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Just As Important As The Air We Breathe

Sunlight cheers us up – surely that’s something we’ve all experienced. But even without the sun itself, natural daylight makes a noticeable difference to our wellbeing. Scientific studies have shown that human health and wellbeing are influenced by daylight far more than previously thought: Light is an elixir of life. But as with so many things in life, it’s a question of getting the right amount. Solar protective glass and shading systems provide protection from the negative consequences of too much exposure to the sun.

Natural sunlight reduces ‘sick building syndrome’

Previous ‘lighting engineering’ mainly focused on optimising artificial lighting. The aim was to eliminate the dynamics of daylight as far as possible. But we now know that our need for light was underestimated. Artificial lighting in the workplace is one of the most common causes of what is known as ‘sick building syndrome’; natural daylight, on the other hand, has a positive effect on wellbeing, even when it brings with it less desirable aspects such as additional heat and glare.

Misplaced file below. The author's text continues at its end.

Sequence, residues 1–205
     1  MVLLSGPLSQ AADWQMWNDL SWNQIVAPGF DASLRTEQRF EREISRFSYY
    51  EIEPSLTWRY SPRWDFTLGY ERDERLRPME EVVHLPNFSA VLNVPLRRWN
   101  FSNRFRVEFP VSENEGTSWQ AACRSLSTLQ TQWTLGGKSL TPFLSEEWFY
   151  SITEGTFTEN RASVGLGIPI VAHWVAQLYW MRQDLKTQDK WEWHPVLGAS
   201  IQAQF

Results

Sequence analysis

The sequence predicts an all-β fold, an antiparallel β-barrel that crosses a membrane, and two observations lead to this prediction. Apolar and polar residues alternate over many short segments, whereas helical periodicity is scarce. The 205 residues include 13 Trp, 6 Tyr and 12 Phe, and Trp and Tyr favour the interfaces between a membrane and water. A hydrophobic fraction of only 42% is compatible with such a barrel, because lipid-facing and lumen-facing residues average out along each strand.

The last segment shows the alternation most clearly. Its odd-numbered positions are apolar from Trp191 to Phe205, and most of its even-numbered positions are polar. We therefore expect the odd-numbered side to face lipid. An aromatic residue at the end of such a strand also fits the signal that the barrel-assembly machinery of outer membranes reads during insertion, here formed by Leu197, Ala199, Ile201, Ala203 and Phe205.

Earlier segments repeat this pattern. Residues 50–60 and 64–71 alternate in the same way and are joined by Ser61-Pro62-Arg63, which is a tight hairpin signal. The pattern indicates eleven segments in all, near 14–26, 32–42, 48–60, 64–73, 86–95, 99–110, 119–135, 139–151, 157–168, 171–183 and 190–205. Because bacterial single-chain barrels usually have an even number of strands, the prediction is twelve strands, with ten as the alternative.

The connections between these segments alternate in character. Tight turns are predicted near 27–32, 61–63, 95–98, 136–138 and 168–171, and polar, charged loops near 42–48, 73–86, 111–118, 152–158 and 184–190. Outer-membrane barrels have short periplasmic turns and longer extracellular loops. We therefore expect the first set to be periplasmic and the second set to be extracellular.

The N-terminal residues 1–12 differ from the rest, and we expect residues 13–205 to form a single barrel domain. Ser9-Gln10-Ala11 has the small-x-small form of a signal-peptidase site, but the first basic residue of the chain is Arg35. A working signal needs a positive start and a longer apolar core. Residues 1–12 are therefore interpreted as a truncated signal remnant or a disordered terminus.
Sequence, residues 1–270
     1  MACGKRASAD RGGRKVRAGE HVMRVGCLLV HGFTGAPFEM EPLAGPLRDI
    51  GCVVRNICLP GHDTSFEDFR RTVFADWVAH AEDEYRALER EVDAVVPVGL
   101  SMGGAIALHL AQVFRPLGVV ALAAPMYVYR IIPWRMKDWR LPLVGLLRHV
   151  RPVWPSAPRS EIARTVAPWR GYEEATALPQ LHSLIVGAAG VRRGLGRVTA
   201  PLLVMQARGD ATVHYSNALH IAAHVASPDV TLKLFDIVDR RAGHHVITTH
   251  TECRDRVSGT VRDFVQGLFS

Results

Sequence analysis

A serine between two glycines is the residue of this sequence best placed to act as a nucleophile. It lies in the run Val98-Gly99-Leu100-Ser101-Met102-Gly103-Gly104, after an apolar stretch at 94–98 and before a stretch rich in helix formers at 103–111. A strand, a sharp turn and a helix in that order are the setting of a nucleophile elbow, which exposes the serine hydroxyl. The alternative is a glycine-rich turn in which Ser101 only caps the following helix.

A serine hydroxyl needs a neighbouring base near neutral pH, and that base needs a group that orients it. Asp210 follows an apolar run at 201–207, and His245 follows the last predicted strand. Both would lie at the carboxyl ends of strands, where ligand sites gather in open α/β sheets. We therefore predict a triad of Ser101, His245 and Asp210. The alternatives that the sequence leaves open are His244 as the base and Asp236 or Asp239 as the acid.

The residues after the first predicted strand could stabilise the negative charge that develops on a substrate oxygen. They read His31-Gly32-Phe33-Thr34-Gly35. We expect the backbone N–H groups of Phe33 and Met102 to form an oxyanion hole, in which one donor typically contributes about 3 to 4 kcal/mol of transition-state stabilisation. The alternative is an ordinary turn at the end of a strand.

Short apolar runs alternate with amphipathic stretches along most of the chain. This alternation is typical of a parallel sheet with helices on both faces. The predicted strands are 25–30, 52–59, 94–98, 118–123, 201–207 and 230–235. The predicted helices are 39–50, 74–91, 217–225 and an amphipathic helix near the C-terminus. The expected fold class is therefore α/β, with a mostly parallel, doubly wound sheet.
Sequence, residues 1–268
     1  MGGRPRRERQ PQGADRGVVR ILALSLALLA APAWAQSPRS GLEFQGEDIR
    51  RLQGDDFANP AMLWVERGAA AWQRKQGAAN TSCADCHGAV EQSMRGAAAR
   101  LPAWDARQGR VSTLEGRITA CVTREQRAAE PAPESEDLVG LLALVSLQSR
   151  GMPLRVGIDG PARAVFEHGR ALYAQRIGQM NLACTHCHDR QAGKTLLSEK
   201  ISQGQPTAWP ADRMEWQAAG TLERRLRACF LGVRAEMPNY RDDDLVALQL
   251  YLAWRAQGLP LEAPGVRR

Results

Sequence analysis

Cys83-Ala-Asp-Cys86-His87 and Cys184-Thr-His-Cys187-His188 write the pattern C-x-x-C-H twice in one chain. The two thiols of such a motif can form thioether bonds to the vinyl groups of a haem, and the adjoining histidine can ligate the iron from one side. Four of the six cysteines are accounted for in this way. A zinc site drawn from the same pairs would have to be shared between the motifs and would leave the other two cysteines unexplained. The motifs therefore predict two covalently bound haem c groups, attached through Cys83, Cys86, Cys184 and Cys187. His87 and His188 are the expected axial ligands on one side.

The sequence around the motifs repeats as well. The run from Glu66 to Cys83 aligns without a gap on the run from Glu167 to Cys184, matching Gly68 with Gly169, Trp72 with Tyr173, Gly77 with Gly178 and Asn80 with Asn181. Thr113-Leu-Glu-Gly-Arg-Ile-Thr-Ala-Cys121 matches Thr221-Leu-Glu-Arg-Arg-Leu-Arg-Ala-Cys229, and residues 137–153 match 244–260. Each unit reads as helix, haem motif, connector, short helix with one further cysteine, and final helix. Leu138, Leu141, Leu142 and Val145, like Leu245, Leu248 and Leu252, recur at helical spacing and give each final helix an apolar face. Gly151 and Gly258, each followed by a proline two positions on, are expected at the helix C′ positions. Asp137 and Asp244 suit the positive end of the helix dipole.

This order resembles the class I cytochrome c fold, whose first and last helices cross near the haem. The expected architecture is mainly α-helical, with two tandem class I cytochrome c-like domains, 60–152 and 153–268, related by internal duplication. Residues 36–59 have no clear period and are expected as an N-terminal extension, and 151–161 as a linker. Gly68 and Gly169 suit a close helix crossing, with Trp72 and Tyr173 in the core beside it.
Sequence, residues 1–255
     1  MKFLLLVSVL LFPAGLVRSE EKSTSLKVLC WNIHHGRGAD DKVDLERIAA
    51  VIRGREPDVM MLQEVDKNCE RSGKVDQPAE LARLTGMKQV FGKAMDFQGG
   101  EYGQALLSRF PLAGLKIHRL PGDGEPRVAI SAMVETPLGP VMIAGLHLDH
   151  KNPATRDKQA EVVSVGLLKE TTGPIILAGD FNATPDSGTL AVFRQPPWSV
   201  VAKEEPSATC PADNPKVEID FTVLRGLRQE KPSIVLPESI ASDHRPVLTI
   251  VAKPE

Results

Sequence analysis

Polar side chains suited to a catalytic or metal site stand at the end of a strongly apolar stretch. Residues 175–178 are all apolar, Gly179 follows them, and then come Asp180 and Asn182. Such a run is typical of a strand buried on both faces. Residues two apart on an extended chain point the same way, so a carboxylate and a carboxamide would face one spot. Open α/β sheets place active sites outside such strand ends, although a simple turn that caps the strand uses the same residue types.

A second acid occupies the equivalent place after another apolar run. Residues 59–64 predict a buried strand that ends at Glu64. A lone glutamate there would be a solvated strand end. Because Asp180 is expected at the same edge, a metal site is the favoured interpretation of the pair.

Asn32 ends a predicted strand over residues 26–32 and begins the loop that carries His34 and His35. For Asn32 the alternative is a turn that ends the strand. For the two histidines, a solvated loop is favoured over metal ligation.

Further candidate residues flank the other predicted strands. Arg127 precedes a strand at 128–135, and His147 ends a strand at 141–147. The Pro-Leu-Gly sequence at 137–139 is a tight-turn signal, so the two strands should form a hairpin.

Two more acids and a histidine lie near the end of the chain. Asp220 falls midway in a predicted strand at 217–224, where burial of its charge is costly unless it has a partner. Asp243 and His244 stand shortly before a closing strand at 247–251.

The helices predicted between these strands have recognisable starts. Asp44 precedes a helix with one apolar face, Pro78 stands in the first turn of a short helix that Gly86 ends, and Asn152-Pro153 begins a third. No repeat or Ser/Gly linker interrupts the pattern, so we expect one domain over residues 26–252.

The new standard for daylight: DIN EN 17037

The European standard DIN EN 17037 requires much more daylight in rooms than before. The calculation is complex, because it is based on the actual illumination of the room. But there is one simple rule of thumb, namely the ratio of window area to floor area, that gives us an approximate answer: With a window area 20 to 25 percent the size of the floor area, the requirements of the daylight standard are met in the vast majority of cases. That is roughly twice as much window area as that provided in previous building regulations.

Larger window to floor ratios can benefit from heating glass

Maximum daylight thanks to minimal frame

In planning practice, this means more attention will have to be paid to the amount of incident daylight in all future considerations. Windows, doors, façades and fixed glazing consisting of heavy-duty steel profile systems help to optimise this, as the minimal area occupied by the frame maximises the area of glass. This creates bright and inviting rooms that promote health and wellbeing.

Tested steel profile systems for light structures

Jansen provides steel profile systems that make it possible to manufacture light structures in a reliable and economical manner. Windows, doors, façades and fixed glazing made up of Jansen steel profile systems have been tested and approved with regard to tightness against driving rain, air permeability and wind load resistance. With CE labelling according to EN 14351-1, the same degree of security can be provided for special window shapes, such as bay windows or skylights. In façade construction, components measuring up to twelve square metres can be produced without any problems in terms of heat and fire protection.

With special thanks and attribution to JANSEN

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